Meeler, a senior, has compiled a 3.80 ERA with 19 strikeouts in the postseason, while Olson’s ERA sits at 2.20 to complement a strikeout-to-walk-ratio of 24-5 over the same stretch.

Both players have appeared in all nine of North Hall’s playoff games, with Olson going the distance in each of his four starts.

“This is definitely the best we’ve been all season, and it’s because we’ve been focusing more on keeping pitches down,” Olson, a junior, said. “Against Greater Atlanta Christian and Dawson County (in the final two series of the regular season), I was trying to overpower hitters too much. It just doesn’t work when you leave the ball up. I know the velocity will come if I keep it down.”

The right-handed tandem picked a good time to up their games. The Trojans finished the regular season losing six of their final seven contests, tumbling from the top of the Region 7-3A standings.

But after a loss to Pace Academy in the opening playoff game, Olson and Meeler have steered North Hall to eight straight wins and the team’s first appearance in the state championship series since 2013 and only its second in program history.

“They understand the magnitude of being in playoffs,” Flow said. “With the hiccups we went through in our last seven games, we didn’t execute our pitches the way we needed to. But now the focus has gone up, and when that happens, good things happen.”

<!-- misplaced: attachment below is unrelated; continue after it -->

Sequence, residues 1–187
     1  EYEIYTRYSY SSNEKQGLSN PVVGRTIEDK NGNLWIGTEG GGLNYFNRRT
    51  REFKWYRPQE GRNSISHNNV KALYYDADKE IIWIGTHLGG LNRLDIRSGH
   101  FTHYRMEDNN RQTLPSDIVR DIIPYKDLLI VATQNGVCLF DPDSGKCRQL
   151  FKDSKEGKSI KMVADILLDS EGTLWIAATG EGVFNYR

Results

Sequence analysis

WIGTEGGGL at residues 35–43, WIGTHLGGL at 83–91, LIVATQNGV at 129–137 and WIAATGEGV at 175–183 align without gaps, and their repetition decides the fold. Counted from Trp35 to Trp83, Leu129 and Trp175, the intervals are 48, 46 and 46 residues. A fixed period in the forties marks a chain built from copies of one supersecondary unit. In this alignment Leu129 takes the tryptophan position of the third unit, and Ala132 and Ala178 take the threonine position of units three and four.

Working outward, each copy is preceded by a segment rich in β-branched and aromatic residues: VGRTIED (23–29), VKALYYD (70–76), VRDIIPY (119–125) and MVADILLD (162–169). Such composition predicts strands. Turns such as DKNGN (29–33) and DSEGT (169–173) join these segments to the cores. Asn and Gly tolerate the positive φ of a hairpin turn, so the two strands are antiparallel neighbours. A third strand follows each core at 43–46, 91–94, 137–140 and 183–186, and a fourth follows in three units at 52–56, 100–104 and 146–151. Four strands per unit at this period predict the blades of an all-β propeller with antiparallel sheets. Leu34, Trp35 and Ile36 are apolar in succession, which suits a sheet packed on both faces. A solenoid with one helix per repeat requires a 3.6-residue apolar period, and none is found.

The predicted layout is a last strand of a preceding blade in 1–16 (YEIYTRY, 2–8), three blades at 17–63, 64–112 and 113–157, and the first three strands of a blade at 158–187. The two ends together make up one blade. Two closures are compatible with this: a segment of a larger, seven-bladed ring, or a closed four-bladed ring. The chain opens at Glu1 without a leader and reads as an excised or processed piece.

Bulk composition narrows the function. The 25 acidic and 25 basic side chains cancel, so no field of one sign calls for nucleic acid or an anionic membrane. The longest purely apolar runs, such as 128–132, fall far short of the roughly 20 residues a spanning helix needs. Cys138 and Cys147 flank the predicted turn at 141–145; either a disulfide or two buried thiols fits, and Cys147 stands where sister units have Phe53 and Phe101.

Meeler and Olson have handled all but 9⅔ innings in the playoffs, but they aren’t the only weapons the Trojans can send to the mound.

Taber Mongero is set as the team’s No. 3 starter, though he didn’t pitch for most of the season due to a thumb injury and hasn’t been needed much lately. But the senior was instrumental in North Hall reaching this stage — he struck out eight batters and allowed just three runs over six innings in the deciding Game 3 of the first round at Pace Academy.

Austin Adams, meanwhile, serves as the team’s primary short reliever. His biggest contribution this postseason came in the form of 2⅔ shutout innings as the Trojans snuck past Ringgold 6-5 in the quarterfinal-clinching game.

Yet Adams and Taber Mongero simply haven’t needed to be called upon much during the state tournament, which isn’t all that different from the regular season.

Flow said Meeler (8-4, 1.90 ERA this season) and Olson (12-1, 1.40 ERA) have each pitched more than 50 innings more than the next closest pitcher, which Trent Mongero attributed to the duo’s execution and mental toughness.

“Knowing that we don’t have to piece together games is a huge confidence booster for us,” Flow said. “Reese and Corban will give five-plus solid innings, and we don’t have to find the next guy.”

Before they trot off to take the mound in the first inning of games, Flow reminds his star pitchers to “focus on the string.”

It’s a tactic that has taken the Trojans to the brink of their first-ever state championship.

“They block everything out and remember what it feels like and where the string is in relation to where we want to throw,” Flow said. “If they continue to do that and be consistent in practice, it carries onto the mound.

“It eliminates some anxiety because they’ve done it so many times, and they’ve really shown that in the playoffs.”